MARION — After years of debate and false starts, Marion City Council members unanimously agreed Thursday to clear the way for public funding for a new library — an expanded space advocates argue is badly needed to meet a burgeoning demand.
Council members authorized the city staff to work with a bond lawyer and start a public notice process for issuing up to $7 million in debt to help finance the library.
The debt will cover some construction costs for the estimated $18 million project on city-owned land between the existing library at 1095 Sixth Ave. and Marion City Hall.
Other pieces to the funding puzzle include using $5 million from Marion’s local-option sales taxes, getting $3 million from the sale of the current library site and obtaining $3 million in donations and fundraising, organized by the Marion Public Library Foundation.
More than 50 people attended the council meeting Thursday, leaving standing room only, with several speaking in support of advancing the new library — for years discussed as a desired fixture in a rapidly growing community.
“I understand the reason for tabling last time,” said resident Scott Foens, referring to the council’s decision Nov. 21 to table the bond measure until all members were present. “But we really need to move forward on this now. It’s been 10 years.”
Council member Rene Gadelha told the crowd she changed her mind about the need for a public referendum, rather than council vote, on the library bond after months of “banging the gong” on the matter.
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“I apologize for taking so long to come to that conclusion, but the beauty of not having to vote until tonight was that it allowed me personally that time to do my due diligence,” she said.
Gadelha and Mayor Nick AbouAssaly both emphasized that council members all supported of the library project.
The board’s deliberations over the bond issue did not arise from support or opposition to the project but rather how the debt issuance should be decided, and by whom, AbouAssaly said.
“I know that everybody’s excited about the project, I know that there’s a lot of enthusiasm and support and passion for the project, but we can’t let that get in the way of making thoughtful, well-informed decisions,” he said.
Council member Steve Jensen said that of all residents who had spoken with him about the library project, only one said that the bond should be put to a public vote.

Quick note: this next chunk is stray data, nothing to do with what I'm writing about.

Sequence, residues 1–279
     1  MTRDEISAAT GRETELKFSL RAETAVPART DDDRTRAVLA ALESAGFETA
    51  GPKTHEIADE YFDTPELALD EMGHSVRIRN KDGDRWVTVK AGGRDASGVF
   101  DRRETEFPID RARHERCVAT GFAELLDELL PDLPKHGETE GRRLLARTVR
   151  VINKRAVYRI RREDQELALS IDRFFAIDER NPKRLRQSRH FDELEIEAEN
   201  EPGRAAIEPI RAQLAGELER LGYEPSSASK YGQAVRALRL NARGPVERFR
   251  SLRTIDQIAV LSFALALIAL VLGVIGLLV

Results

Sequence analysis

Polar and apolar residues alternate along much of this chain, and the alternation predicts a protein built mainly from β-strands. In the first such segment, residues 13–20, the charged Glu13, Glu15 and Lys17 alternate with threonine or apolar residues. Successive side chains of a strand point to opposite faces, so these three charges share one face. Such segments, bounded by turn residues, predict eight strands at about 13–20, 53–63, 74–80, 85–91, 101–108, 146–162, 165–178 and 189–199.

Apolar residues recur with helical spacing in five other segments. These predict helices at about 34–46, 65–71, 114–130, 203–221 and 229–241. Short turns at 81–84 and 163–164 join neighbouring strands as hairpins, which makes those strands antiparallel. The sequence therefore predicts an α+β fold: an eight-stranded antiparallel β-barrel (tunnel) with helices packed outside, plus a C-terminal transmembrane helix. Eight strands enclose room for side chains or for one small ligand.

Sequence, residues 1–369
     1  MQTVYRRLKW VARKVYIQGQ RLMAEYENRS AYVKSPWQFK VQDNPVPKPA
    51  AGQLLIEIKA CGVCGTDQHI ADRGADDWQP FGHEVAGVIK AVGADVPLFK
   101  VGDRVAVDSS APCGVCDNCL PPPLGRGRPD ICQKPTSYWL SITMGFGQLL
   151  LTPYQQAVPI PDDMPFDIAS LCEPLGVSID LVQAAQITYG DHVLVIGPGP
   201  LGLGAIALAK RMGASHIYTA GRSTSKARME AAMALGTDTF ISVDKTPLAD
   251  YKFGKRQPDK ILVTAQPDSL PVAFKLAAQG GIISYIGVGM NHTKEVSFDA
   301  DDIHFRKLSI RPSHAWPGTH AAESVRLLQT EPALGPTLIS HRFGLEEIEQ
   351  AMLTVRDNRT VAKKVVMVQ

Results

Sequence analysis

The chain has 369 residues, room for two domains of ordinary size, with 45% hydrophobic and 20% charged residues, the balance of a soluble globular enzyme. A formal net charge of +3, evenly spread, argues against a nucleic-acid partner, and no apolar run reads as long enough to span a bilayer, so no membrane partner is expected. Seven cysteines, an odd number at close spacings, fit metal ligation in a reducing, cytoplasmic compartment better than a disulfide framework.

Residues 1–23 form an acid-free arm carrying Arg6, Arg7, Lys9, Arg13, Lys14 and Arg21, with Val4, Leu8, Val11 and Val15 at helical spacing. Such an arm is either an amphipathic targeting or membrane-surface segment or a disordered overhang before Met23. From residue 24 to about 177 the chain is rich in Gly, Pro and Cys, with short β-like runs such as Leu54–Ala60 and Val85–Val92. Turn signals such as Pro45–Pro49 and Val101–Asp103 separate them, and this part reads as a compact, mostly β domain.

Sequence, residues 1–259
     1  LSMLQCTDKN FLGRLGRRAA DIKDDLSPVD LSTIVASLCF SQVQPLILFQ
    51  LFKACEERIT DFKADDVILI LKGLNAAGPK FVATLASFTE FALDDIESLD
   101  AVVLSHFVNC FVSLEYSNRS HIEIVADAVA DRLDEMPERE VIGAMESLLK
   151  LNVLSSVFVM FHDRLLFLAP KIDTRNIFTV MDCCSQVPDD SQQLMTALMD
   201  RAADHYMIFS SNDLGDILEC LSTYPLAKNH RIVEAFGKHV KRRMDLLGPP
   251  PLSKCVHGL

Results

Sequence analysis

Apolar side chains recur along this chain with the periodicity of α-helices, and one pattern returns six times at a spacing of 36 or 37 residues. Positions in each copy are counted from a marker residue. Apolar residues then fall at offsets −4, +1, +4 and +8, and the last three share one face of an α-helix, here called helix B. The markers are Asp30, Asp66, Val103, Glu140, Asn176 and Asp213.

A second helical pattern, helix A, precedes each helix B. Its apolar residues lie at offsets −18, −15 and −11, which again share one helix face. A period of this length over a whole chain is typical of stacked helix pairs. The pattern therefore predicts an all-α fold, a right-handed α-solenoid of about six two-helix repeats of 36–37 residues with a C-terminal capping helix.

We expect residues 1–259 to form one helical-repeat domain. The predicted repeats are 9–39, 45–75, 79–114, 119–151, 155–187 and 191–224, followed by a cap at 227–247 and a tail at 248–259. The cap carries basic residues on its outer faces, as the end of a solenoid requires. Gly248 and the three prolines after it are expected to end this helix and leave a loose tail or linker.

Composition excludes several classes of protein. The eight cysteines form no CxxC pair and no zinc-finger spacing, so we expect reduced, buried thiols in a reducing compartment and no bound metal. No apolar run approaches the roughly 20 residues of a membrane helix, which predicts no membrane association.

Delaying the vote two weeks was the “correct” decision, he added, so that all council members could be present for the vote. All members attended the Thursday meeting with the exception of council member Will Brandt, who participated by phone.
Earlier this year, project leaders abandoned a roughly 6-year-old plan to move the library into a larger space at a future mixed-use development on the site of the Marion Square Plaza strip mall.
The vote Thursday was its first step in a process to approve the bond sale, City Manager Lon Pluckhahn told The Gazette. Next, he said, council members will need to set a date for and then hold a public hearing, a process he said could wrap up in early January at the soonest.
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Pluckhahn outlined the bond’s impact on Marion’s debt service levy — the property taxes that pay off bonds, which are loans — Tuesday at a work session.
The library bond is projected to increase Marion’s debt service levy to a maximum of $2.26 per $1,000 of assessed valuation in 2023, up from the current $2.15, gradually decreasing to $1.91 in 2032.
Based on city calculations, Pluckhahn said, the debt will mean a maximum annual tax increase of about $12 for the owner of a home assessed at $100,000.
Construction of the 50,000-square-foot new library is planned to begin next winter, with a tentative move-in date of late summer 2022.
Marion will begin searching for a buyer of the current library in January, though the new library must be built before the city could vacate and sell its old one.
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